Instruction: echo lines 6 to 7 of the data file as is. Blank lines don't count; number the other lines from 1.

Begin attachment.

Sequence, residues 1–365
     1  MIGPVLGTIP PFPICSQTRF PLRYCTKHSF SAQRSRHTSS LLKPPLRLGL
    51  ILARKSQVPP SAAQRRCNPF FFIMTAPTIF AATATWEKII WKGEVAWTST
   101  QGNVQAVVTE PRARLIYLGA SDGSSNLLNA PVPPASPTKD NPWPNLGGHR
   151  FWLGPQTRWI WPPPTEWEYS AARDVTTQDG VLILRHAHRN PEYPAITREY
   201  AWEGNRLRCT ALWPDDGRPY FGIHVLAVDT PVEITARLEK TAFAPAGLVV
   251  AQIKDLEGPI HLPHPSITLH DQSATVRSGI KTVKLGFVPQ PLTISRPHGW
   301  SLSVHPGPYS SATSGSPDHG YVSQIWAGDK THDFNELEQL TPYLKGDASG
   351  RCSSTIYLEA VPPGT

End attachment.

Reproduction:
   201  AWEGNRLRCT ALWPDDGRPY FGIHVLAVDT PVEITARLEK TAFAPAGLVV
   251  AQIKDLEGPI HLPHPSITLH DQSATVRSGI KTVKLGFVPQ PLTISRPHGW